Who we were who we are

Who we were, who we are

Although the Women’s Liberation Movement was not the first movement to call for the emancipation of women, much of the history had been forgotten by the 1960s. Find out why so much of the intellectual work of the WLM was on rediscovery and rethinking.

Ursula Owen talks about the periodic reinvention of feminism

The Women’s Liberation Movement was not the first movement concerned with the emancipation of women. Some of its predecessors include:

The suffrage movement from the 1840s to the 1920s in Britain, the USA and Europe

Early Indian campaigns against sati (self-immolation of recently widowed women) and  prohibitions on widow remarriage in the mid-19th century

The so-called ‘May Fourth Feminist Movement’ in China in the 1910s and ‘20s The Ottoman Welfare Organisation of Women founded in 1908 in Turkey, an early example of Arab women’s organising.

These campaigning histories had been mostly been forgotten by the 1960s and were little known by post-war generations, so much of the intellectual work of the WLM was of rediscovery and rethinking.

Sue Crockford recalls the first conference on Women's Liberation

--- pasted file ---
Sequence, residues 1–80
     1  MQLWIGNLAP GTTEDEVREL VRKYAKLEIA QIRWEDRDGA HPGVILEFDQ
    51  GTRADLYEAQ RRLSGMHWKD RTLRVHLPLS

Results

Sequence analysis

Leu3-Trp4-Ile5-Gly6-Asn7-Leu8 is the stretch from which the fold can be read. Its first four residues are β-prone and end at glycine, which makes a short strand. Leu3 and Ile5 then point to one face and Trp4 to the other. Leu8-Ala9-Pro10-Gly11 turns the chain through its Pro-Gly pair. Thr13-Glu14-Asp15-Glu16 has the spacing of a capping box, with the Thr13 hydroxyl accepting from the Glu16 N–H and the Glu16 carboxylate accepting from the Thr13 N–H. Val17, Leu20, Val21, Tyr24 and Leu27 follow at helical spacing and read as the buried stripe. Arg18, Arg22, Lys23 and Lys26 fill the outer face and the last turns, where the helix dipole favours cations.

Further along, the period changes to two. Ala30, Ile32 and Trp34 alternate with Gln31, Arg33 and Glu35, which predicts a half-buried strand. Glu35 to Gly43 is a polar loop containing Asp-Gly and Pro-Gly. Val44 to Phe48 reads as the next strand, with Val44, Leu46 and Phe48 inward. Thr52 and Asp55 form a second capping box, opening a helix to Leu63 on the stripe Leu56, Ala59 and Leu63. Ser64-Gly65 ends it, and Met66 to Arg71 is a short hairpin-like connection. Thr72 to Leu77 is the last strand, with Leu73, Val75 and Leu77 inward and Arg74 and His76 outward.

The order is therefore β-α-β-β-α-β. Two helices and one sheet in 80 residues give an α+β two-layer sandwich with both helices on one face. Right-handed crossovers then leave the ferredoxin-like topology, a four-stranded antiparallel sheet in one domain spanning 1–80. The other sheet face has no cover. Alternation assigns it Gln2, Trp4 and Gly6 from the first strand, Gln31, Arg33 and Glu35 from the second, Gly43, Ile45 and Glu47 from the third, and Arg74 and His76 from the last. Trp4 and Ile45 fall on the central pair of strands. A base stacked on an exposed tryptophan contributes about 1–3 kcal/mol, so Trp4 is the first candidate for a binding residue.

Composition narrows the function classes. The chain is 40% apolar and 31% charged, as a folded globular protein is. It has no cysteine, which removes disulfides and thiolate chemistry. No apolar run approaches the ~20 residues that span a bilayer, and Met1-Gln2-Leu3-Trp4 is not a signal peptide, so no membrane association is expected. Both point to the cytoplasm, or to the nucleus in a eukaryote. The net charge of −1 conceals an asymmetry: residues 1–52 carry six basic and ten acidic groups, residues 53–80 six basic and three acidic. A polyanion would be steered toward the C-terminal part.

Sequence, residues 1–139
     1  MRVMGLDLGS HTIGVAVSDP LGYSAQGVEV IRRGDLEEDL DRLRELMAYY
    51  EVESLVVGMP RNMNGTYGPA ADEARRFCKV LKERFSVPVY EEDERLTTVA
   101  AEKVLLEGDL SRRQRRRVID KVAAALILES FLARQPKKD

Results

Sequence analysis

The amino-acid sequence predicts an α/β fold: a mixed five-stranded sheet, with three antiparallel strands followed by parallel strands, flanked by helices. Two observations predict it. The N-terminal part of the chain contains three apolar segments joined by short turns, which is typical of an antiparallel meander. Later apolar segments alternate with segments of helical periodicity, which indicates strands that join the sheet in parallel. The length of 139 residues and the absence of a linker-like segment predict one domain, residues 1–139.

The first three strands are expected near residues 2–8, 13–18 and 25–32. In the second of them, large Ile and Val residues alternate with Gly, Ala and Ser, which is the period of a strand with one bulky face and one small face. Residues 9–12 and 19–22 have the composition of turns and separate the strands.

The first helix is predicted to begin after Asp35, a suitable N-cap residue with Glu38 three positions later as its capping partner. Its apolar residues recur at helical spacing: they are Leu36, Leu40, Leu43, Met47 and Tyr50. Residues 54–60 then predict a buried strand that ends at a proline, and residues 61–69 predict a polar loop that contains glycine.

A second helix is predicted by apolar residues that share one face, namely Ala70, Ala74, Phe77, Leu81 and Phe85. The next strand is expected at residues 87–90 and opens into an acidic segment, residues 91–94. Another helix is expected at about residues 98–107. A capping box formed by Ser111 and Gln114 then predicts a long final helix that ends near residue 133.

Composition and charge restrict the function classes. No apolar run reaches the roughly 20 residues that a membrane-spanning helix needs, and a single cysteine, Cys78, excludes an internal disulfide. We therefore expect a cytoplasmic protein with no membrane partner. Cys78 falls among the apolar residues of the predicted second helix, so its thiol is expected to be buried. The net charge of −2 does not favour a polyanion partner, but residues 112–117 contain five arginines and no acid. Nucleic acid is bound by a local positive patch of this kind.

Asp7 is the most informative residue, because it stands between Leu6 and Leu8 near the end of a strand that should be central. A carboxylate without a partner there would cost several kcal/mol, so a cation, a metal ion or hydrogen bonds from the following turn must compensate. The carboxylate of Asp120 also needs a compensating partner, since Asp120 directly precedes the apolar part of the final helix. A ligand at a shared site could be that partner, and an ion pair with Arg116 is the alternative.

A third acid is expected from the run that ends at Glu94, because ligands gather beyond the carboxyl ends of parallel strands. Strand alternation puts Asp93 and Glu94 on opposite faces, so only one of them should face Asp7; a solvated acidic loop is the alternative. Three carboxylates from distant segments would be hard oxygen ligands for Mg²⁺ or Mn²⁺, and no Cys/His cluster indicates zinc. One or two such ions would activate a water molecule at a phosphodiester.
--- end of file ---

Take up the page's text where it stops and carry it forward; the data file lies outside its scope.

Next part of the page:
In the light of these struggles, past, present and future, how can we understand connections between women’s movements across the world? In the British context (the focus of the Sisterhood and After archive) how do we make connections between today’s feminists, the Women’s Liberation Movement of the 1970s and ‘80s, and the suffragists and suffragettes of the 19th and early 20th centuries?

Since the first National Women’s Liberation Movement Conference in the UK was held at Ruskin College, Oxford, in 1970, equal rights have become enshrined in legislation and equal opportunities are an expectation (if not always a reality) of everyday life. Women in the UK have control over their fertility, a secure presence in every area of public life, and are active in government as well as the professions and industry. So is there a need for a women’s movement today and why does the idea of feminism still create controversy?

Juliet Mitchell talks about why changes in gender relations take so long to achieve

  • Sisterhood and After Research Team
  • This article was researched and written by the Sisterhood and After Research Team, who are experts in the history of contemporary feminism and narrative life methods. The team included Abi Barber, Dr Polly Russell, Dr Margaretta Jolly, Dr Rachel Cohen, Dr Freya Johnson-Ross and Dr Lucy Delap. Further information about the team and project is available in the About the project section.

The text in this article is available under the Creative Commons License.